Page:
On the other hand today’s Russia does not behave as Homo Economicus would; as Samuel Charap argued during the CCGA discussion, in the context of the Ukraine crisis the Russian leadership has often acted contrary to Russia’s own economic interests, while popular support for Putin’s tough yet apparently masochistic approach has remained high. Moreover, Russia is plagued by a particularly bad demographic crisis, so in the mid- to long term it will not prove to be a very valuable ally (or tough adversary) anyway. If the West just leaves it alone, its anxiety will hopefully gradually subside while its inefficient economy will be its own preoccupation and problem. In time Russia will likely just get tired of trying to project its influence abroad by subsidizing foreign states – as happened during the collapse of the USSR. I already argued along similar lines in an EconVue piece recently.
Even with respect to its closest ally Belarus, it is already proving problematic for Russia to meet the expectations of its “client”. Lukashenko’s angry accusations demonstrated this at a press conference last Firday in which he essentially argued that Russia was not subsidizing its gas sales to Belarus to the extent that it had been agreed in the past. From a US perspective, the best long-term strategy towards Russia is to leave it alone, yet ensure that its energy resources are available at affordable prices to US businesses and consumers. In this sense, the appointment of Rex Tillerson as US Secretary of State can be viewed as a smart move by President Trump.
China on the other hand has for the most part acted as a rational economic actor. As a recent example from my personal experience, in February of this year, during a presentation in the Belgian Senate, I addressed the concerns of Europe’s business and political elite regarding forthcoming Chinese infrastructure investments in the European Union by expressing the opinion that if clearly presented with the terms on which Chinese investments can be allowed in, the Chinese government is rational enough to take them into account and adapt accordingly. And those terms should include the need to respect local laws and regulations, CSR best practices, political sensitivities, and the need to hire local labor in an environment of underemployment. I delivered this message to the top level of the Chinese government, specifically the Ministry of Commerce, and my message was accepted very positively – and appropriate action was taken on the part of Chinese investors. In other words, I am confident that it is possible to reach agreement with the Chinese on a range of issues because China’s cultural DNA, according to Harvard Professor of Chinese history William Kirby, is all about doing business and achieving material prosperity – in that sense the Chinese mind differs little from the American mindset.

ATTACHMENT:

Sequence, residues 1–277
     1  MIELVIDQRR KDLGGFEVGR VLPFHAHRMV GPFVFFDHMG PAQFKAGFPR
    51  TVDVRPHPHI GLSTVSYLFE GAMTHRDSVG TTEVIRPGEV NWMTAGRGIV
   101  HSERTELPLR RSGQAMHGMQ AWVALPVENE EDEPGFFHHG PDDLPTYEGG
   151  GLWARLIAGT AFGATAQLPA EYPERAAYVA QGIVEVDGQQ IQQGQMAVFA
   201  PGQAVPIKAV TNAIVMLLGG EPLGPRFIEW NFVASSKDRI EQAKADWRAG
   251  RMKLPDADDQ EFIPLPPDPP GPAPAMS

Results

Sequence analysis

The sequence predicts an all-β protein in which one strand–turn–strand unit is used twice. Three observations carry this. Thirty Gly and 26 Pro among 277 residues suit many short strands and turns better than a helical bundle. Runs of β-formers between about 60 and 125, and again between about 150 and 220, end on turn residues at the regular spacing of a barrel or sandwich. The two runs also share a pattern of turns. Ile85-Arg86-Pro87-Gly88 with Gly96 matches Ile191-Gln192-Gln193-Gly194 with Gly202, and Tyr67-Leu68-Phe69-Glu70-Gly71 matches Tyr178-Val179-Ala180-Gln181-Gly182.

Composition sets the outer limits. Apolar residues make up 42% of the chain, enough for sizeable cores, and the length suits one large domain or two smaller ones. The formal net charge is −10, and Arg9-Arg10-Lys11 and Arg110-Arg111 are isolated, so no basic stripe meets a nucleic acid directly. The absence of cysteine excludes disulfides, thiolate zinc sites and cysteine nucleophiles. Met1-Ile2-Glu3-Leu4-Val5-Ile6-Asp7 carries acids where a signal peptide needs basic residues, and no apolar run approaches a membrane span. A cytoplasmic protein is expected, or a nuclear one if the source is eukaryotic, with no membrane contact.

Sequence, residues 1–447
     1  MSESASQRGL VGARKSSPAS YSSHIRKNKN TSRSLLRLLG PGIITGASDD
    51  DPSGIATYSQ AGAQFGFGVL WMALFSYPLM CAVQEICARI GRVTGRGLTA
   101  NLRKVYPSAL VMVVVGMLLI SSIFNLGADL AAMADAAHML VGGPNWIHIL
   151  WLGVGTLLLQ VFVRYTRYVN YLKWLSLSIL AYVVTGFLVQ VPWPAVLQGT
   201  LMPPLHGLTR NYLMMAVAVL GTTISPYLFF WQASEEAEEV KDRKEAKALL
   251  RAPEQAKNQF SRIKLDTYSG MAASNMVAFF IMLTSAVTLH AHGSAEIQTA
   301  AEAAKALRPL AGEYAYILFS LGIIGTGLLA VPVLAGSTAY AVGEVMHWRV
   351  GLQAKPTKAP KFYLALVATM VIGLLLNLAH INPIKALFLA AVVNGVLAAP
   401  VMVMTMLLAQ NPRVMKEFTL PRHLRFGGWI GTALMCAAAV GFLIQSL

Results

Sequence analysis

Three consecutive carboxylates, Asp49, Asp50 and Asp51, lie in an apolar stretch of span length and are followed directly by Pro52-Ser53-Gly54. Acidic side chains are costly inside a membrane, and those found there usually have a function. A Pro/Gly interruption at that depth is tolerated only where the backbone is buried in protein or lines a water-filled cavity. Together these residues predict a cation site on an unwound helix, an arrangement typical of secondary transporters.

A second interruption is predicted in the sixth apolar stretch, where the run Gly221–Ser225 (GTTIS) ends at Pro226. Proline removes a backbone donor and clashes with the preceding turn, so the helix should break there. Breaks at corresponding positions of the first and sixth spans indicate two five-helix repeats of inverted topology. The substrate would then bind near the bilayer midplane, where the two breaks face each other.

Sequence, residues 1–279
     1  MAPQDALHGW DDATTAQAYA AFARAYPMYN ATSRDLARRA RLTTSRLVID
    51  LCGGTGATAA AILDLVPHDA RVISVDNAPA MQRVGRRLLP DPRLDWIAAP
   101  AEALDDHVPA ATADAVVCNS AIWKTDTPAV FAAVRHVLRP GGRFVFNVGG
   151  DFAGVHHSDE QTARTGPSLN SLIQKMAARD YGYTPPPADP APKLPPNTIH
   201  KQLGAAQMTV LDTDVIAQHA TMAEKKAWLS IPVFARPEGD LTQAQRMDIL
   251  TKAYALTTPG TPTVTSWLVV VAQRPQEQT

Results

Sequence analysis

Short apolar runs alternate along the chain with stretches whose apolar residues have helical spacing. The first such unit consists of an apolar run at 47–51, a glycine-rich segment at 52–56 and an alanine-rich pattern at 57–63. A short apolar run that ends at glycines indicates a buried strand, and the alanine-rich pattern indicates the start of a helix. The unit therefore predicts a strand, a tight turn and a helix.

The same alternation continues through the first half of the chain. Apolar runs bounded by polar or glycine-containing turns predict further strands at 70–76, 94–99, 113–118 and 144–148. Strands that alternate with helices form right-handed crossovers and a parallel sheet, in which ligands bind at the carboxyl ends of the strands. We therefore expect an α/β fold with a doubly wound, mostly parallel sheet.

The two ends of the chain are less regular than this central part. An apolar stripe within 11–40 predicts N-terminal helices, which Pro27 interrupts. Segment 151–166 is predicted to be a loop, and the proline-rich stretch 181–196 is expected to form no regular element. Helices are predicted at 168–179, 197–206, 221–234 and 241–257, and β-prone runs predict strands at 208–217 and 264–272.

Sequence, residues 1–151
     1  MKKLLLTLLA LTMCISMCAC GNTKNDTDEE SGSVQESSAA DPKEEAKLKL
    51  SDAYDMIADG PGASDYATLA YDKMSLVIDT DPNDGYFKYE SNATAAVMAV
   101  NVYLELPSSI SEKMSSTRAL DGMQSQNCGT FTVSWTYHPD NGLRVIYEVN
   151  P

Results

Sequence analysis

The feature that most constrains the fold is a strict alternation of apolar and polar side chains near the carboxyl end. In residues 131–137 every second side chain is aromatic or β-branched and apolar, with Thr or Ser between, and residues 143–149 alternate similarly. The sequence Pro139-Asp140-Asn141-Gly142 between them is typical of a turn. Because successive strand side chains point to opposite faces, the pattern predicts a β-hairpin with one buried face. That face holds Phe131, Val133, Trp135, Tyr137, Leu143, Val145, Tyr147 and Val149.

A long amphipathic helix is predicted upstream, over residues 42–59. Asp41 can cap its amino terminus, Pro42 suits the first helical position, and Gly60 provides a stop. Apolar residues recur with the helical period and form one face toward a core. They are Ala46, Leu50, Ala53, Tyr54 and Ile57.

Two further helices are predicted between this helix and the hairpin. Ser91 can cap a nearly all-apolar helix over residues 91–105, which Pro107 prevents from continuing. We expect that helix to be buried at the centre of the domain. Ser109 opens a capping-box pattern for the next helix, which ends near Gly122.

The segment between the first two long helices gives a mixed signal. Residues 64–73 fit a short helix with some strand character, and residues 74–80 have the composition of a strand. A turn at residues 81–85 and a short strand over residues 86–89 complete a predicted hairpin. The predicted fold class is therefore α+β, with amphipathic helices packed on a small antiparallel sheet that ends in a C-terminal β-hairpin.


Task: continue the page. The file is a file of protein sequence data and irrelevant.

For the above reasons, I agree with Jeffrey Sachs who in a recent article argued that the US need not fear a rising China. It is a truism that the US and China economies are so tightly interconnected and China has benefited so much from the US-led international order that many Chinese business and political leaders that I have communicated with have expressed the conviction that it is simply impossible for the two countries to go to war. Yes, China has accumulated a lot of US debt and currency due to the US trade deficit that the likes of Peter Navarro are so vocal about. Yet the clear and substantial benefits – low prices of China-produced imported consumer goods – are often overlooked. Besides, a significant portion of these “deficit” US dollars end up back in the US as investments in local asset managers. In fact, China Investment Corporation (CIC), China’s SWF, recently issued a statement that it is keen to invest in US infrastructure. This is exactly what the Trump administration should encourage in order to rebalance the US-China relationship and make it beneficial for the country as a whole – and not just for the financial industry.
As for the attempt to counterbalance the rise of China – which is still a valid “realist” concern and goal – the best way to do so is not by flexing US military muscles. To the extent of its abilities – once it has refocused for a while on rebuilding internally after more than twenty years of being overextended around the globe – the US should instead exercise its potentially considerable soft power where it sees Chinese influence increasing. For one thing, Chinese culture will never be as universally attractive as America’s. The communication barrier of becoming fluent in Mandarin are just too hard to overcome regardless of how much China spends on opening and maintaining Confucius Institutes overseas. Therefore, the US government should direct its efforts to encouraging US cultural and business ventures in the regions of the world where China is starting to increase its influence, such as along the so-called New Silk Road. It should itself strive for greater market access in Central Asia and Eastern Europe, and should make sure that China competes in a fair manner in those regions. This should benefit not only the US but also local economies and even China – in fact, sometimes the necessary investments may be so large that there may be opportunities for US-China collaboration.
By pursuing this “softer” realist strategy, the United States may actually help ensure that China adopts the US underwritten rules of global economic governance and multilateral cooperation. In this manner, the modified realist US foreign policy that I am advocating may paradoxically bring about the realization of a vision of international relations which is not far removed from the liberal ideal of sustainable and long-lasting interstate cooperation.